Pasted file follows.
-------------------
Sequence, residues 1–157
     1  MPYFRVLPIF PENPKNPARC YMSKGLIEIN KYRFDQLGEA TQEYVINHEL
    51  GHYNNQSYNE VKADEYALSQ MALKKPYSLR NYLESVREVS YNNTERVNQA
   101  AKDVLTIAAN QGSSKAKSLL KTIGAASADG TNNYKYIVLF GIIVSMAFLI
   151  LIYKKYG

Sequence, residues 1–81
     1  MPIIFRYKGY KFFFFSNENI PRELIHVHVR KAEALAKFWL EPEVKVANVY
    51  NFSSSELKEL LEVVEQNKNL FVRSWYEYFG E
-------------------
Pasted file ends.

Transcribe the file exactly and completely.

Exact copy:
Sequence, residues 1–157
     1  MPYFRVLPIF PENPKNPARC YMSKGLIEIN KYRFDQLGEA TQEYVINHEL
    51  GHYNNQSYNE VKADEYALSQ MALKKPYSLR NYLESVREVS YNNTERVNQA
   101  AKDVLTIAAN QGSSKAKSLL KTIGAASADG TNNYKYIVLF GIIVSMAFLI
   151  LIYKKYG

Sequence, residues 1–81
     1  MPIIFRYKGY KFFFFSNENI PRELIHVHVR KAEALAKFWL EPEVKVANVY
    51  NFSSSELKEL LEVVEQNKNL FVRSWYEYFG E